Report shows nuanced story of continued growth in Oregon tech industry

Report shows nuanced story of continued growth in Oregon tech industry

The tech industry continues to have an outsized impact on Oregon’s economy, contributing over $9 billion in GDP. That’s the high-level result shown in the most recent report from a Technology Association of Oregon analysis conducted with local tech firm eImpact Report.

This is the second year, TAO has worked with eImpact on a report. The full report and an array of graphics are available online. We will be continuing to issue periodic updates on the state of Oregon’s tech and innovation ecosystem using this platform.

Tracking our success and shortcomings is important, and our economic development, workforce and education partners, policymakers and the broader community need to know in which direction the local tech economy is moving.

As for employment, the tech industry accounts for a greater percentage of overall employment, at 1.6 percent, in Oregon than the industry does in a majority of other states.

In the last year, tech firms in Oregon supported nearly 78,000 jobs and contributed more than $66 million in taxes. By way of comparison, this is double what the tech industry in Arizona paid to the State of Arizona during the same time period.

The term “Silicon Valley creep” has been used to describe upward wage pressure in emerging tech markets resulting from the expansion of Silicon Valley tech firms into those markets. That trend is alive and well in Oregon.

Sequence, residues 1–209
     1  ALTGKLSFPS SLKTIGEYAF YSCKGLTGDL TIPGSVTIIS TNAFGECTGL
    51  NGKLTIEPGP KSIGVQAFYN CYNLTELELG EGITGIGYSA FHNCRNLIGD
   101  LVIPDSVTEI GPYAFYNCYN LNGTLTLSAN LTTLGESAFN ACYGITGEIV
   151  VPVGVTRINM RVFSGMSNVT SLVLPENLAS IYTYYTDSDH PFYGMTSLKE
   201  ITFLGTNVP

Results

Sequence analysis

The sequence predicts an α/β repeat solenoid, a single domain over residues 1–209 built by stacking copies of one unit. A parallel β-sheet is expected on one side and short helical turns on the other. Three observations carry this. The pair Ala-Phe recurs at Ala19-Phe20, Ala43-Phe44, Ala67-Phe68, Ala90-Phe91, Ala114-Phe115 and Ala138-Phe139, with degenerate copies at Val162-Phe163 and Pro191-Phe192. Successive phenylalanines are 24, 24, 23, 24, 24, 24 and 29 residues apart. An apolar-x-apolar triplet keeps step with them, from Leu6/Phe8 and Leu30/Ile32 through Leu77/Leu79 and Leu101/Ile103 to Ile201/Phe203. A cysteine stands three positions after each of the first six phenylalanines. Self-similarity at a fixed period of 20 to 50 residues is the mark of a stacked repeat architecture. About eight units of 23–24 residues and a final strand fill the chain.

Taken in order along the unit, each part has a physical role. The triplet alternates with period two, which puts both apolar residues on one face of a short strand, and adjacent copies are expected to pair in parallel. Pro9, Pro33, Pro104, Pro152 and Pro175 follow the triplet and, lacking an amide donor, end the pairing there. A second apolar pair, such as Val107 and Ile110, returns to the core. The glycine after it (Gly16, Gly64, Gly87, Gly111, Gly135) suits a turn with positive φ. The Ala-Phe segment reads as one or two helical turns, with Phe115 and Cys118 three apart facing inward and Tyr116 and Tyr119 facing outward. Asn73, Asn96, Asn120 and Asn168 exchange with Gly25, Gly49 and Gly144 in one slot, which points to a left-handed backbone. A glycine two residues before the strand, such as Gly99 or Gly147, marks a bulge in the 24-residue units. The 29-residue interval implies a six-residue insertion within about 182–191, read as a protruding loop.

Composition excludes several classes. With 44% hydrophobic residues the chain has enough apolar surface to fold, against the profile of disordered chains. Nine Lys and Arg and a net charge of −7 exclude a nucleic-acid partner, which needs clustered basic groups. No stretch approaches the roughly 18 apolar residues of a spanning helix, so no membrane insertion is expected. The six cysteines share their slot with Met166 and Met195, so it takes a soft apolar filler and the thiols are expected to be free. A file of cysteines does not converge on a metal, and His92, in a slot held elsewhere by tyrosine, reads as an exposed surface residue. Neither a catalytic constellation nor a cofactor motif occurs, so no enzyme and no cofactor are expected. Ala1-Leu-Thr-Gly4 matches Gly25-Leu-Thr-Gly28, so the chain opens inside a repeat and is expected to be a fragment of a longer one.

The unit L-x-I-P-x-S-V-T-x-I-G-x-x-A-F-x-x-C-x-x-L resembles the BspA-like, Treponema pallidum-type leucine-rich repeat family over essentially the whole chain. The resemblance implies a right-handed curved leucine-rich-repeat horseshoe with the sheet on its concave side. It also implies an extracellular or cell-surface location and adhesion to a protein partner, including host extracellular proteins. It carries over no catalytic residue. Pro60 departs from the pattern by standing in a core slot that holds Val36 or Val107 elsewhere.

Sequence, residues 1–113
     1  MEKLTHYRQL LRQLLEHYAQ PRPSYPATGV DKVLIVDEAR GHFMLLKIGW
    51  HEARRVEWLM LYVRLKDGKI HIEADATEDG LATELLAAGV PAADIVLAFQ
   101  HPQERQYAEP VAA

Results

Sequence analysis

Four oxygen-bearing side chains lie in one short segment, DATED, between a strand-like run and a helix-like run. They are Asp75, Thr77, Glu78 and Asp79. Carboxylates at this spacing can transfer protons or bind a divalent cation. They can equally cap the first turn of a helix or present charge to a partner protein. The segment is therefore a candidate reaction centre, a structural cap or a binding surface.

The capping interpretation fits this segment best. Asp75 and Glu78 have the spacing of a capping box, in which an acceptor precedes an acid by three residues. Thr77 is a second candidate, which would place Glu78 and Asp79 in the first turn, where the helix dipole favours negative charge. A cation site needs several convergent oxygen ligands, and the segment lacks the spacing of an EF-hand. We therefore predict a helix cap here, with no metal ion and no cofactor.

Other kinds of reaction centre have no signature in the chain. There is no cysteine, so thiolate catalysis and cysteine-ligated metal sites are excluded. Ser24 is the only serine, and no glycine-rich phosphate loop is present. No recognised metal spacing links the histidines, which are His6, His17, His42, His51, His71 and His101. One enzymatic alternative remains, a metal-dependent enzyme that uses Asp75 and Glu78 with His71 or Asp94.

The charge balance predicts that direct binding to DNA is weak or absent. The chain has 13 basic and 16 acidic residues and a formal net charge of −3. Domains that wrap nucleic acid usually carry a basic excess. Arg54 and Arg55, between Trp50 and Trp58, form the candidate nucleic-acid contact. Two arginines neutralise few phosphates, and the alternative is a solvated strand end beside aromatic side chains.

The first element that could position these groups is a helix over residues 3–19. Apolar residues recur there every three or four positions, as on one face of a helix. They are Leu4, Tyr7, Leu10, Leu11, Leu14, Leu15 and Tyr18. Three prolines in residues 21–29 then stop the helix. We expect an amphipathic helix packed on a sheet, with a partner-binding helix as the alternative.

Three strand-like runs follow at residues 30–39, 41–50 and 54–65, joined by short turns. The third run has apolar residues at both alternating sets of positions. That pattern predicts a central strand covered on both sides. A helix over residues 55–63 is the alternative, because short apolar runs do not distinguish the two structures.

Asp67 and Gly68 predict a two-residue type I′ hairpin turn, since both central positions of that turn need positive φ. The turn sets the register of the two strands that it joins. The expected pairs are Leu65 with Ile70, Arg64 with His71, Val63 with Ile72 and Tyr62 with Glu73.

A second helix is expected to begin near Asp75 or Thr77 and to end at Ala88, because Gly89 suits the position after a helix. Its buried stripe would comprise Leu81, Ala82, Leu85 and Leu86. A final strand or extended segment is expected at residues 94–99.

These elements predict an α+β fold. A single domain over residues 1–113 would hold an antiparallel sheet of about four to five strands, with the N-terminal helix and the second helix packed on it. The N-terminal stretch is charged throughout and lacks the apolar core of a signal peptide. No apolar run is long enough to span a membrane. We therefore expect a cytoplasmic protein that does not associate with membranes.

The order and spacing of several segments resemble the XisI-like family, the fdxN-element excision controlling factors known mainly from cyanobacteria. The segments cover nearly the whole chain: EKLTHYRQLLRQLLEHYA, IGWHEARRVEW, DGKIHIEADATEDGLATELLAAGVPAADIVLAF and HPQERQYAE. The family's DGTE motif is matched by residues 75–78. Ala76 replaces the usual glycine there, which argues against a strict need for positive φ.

Average tech industry wages in Oregon are 1.4 times greater than the national average. However, while tech wages in Oregon have increased in recent years — up 10.7 percent in the past year — those wages are still significantly lower than in Washington and Colorado, about even with Arizona, and higher than in Utah. All four of those states are home to emerging tech hubs and are often seen as competitors with Oregon for tech industry investment, job retention, and startup growth.

While the employment opportunities at software firms and the number of those firms continue to increase, growth in software employment has not been robust enough to offset layoffs in recent years in the semiconductor and device industry in Oregon. That industry still accounts for the lion’s share of tech employment in the state, and even relatively small decreases in employment by those firms can have a noticeable impact on tech employment numbers. Since 2000, overall employment in the semiconductor and device industry has been mostly flat in Oregon, whereas it has declined nationally.

In terms of startup activity, the number of new tech firms in Oregon continues to increase but at a more modest rate 8.3 percent than in previous years. The total amount of venture funding attracted by Oregon tech startups continues to climb steeply, with $528 million invested in 2018. However, the total number of deals declined in the past year from 120 to 100, so more money went to fewer startups — predominantly in the form of later growth rounds to more mature companies.

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